I wonder. Is it possible to love a brand without ever really experiencing it? And if you could, would that qualify as a paradox?
Ive never flown Virgin Atlantic Airlines. Ive seen their ads and Im aware of Sir Richard Bransons antics (as well as his business acumen.) I can say with all sincerity that I love the Virgin brand, and I hope to someday have the opportunity to fly them.
Theres a joke about the airline industry. Q) How do you make a million dollars in the airline business? A) Start with a billion dollars. Despite the recession and soaring fuel costs, Virgin Atlantic reported last May that their pretax profits almost doubled in fiscal 2009. (Now theres a contradictory business trend.)
Since it was founded 25 years ago, Virgin Atlantic has become Britains 2nd largest airline serving the worlds major cities. Its the quintessential Virgin story with several contradictory elements: the small newcomer taking on the giant and complacent establishment; the peoples champion delivering better service via lower costs; whimsical marketing spotlighting serious competitive advantages. Virgin survives by being different; it thrives on contradiction. When the market zigs, Virgin zags.
I had the opportunity to hear Joe Ferry, Head of Design for Virgin Atlantic Airways, speak at Design Management Institutes Annual Conference in Boston last week. Joe shared wonderful examples of how the Virgin brand bucks the trends, reframes obstacles into opportunities, manages to give a down-and-dirty business an air of natural glamour, and has a good time doing it. Here are some takeaways from his DMI talk.
Virgins Upper Class Suites (not seats) have received great praise from passengers and won major design awards. Joes team spent 2 years designing the luxury flat beds to capture a feeling of enclosed openness. When upright, the suite has its own ottoman, which doubles as a seat for a guest. The seat flips over with the push of a button to become a fully flat bed that is longer and wider than the competitions. All seats have direct access to the aisle, even the window seats. At Virgin, its not either an aisle or window, its BOTH. Its not seats, but suites, offering privacy in a social setting.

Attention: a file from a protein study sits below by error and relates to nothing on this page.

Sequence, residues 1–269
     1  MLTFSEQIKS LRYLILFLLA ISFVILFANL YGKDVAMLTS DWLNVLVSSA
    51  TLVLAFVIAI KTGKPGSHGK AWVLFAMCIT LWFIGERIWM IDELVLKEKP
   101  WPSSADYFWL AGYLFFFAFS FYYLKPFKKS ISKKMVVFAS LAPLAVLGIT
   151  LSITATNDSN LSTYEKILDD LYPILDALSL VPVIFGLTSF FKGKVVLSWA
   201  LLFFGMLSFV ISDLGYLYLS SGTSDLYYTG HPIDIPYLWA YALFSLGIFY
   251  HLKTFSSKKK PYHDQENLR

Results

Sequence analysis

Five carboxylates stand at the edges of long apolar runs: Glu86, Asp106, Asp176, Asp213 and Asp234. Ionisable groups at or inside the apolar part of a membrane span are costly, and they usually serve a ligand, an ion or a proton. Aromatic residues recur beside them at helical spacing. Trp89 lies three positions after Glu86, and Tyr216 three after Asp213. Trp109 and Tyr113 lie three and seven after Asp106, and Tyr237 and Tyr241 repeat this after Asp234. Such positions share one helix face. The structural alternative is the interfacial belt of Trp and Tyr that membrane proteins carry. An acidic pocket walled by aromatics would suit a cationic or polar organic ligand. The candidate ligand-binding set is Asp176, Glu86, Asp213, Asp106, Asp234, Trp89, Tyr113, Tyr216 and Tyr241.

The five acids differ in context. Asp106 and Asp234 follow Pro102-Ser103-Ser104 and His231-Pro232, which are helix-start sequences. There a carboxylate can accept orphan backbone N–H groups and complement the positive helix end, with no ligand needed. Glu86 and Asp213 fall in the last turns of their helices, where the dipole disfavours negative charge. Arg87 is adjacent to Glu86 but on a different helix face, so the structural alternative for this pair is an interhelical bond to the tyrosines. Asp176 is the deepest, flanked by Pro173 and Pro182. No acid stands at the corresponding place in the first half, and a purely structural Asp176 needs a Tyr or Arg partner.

When British Airlines opened a spacious state of the art lounge at Heathrows newest terminal, Virgin knew it couldnt compete on size. Instead, the airline listened very carefully to determine what was really important to its customers and found a competitive advantage around the reframe Speed versus Scale. Recognizing what a hassle it was for passengers to make their way through security just to get to the lounge, Virgin designed a new check-in process called Limo to lounge in 10 minutes. Passengers chauffeur-driven limos are met curbside by special attendants, where they are checked in as they arrive and then whisked down a special hallway directly into the fabulously-designed lounge in record time. (Be still my heart.)
Joe also talked about Virgins premium economy flight experience, and the strict yet flexible brand guidelines that allow the brand to be consistent yet unique. He even told a story about how the well-designed butter knives had a way of disappearing as customers accidentally on-purpose made off with the silverware. Most airlines would have just stopped using the butter knives. Just for fun, Joes team decided to engrave the utensils Finest Stainless STEAL. (Theyre still disappearing, and everyone is happy.)
Yes, its love at first flight for me, and I havent even left the ground. Even so, I can understand why a UK critic recently noted: Two similarly priced products are normally the same, but the gap between Virgin and BA is planetary.
Next stop, Virgin Galactic!
Virgin Atlantic's lovemark